Chevrolet may have had the honor of building the 50 millionth General Motors vehicle, but all of the company’s divisions celebrated the occasion.
On Nov. 23, 1954, the city of Flint, Mich., froze for a parade that marked the occasion of GM’s 50 millionth car. Flint schools were let out for the day, bands played, red carpet was unrolled, Broadway and Hollywood troupes performed in the Flint Auditorium — all to honor GM building 50 million cars since its founding in 1908.
That 50 millionth car — a special gold-painted 1955 Bel Air Sport Coupe with gold-plated trim — was paraded through Flint. Joining it in the mile-long General Motors Golden CARnival parade were other GM millionth vehicles: its first millionth, a 1919 Oldsmobile; its 5 millionth, a 1926 Pontiac; its 10 millionth, a 1929 Buick; and its 25 millionth, a 1940 Chevrolet sedan. Not wasting a great promotional opportunity, other new 1955 GM models idled through the parade, including a cluster of freshly minted, bright-white GM convertibles from what it called its “famous five:” an Oldsmobile Ninety-Eight; a Buick Super; a Pontiac Star Chief; and a Cadillac Series 62 convertible.
The 50 millionth festivities weren’t limited to the streets of Flint and its auditorium, or even Chevrolet’s Flint assembly plant that built the 50 millionth car. GM divisions hosted open houses at every plant. Also during this time, GM (and its competitors) were keeping presses fully inked by creating a veritable library of promotional materials. Among them were many brochures, at least two of which appeared to be intended for those touring the Buick and Oldsmobile plants during the open houses held in conjunction with the 50 millionth festivities. The brochures “Buick’s On the Move” and “Your Tour of Oldsmobile” both offered insight into the factories where Buicks and Oldsmobiles were built with text and images showing the manufacturing processes. Brochures from GM’s other divisions may have been distributed during the 50 millionth activities, but none could be found that show the vehicles’ build process.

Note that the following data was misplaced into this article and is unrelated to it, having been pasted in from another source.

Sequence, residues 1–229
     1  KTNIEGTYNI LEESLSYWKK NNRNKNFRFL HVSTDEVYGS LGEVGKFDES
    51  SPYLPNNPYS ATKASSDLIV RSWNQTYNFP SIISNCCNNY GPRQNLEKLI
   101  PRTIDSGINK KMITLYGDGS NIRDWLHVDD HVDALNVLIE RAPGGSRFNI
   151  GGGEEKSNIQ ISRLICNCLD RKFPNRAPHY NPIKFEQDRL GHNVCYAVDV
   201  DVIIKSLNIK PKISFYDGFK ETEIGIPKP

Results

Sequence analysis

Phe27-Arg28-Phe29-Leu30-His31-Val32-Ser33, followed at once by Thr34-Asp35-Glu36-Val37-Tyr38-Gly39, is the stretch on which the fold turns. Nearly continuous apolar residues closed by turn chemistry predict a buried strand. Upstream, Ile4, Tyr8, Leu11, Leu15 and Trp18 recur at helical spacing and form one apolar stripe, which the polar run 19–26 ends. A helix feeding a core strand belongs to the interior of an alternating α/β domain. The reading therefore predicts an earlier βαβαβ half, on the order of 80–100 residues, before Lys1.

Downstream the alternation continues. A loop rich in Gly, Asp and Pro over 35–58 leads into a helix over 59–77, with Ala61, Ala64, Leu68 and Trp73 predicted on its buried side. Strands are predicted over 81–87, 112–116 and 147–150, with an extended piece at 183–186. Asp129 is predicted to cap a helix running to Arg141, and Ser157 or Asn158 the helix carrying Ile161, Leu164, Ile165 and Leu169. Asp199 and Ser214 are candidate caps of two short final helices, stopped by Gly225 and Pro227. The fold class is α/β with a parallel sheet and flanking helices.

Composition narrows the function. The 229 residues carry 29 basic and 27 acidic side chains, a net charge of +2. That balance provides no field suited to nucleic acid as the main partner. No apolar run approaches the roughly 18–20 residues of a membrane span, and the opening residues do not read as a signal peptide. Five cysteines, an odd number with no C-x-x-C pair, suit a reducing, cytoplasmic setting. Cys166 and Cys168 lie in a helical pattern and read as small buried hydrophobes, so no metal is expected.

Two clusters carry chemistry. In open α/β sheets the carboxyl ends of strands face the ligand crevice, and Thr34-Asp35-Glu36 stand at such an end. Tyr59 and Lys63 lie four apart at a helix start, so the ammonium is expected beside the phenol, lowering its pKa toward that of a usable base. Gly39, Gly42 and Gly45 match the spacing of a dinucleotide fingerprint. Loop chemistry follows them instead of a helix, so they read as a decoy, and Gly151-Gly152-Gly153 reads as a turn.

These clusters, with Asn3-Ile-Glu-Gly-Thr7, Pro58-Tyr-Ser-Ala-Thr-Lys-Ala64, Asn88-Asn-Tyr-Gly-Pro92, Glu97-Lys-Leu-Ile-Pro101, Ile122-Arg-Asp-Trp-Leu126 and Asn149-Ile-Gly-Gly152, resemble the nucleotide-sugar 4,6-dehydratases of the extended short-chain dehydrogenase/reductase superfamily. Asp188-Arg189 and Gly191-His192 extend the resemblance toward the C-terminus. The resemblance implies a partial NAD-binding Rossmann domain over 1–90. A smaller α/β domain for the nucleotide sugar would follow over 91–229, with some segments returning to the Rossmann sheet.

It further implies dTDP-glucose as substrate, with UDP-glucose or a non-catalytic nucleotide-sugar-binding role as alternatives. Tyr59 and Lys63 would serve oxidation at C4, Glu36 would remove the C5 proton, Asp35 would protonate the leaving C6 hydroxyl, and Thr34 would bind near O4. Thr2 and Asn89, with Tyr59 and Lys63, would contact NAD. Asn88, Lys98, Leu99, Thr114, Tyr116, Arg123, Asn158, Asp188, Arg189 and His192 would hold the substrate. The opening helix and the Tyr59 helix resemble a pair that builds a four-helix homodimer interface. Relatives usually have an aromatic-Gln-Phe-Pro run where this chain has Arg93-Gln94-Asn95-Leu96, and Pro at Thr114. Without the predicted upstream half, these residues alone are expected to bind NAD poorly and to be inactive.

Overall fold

The Buick and Oldsmobile tour brochures appear to be almost as hard to uncover as the fate of the golden 1955 Chevrolet Bel Air, but we’ve landed the ’55 Olds brochure and share its contents here.
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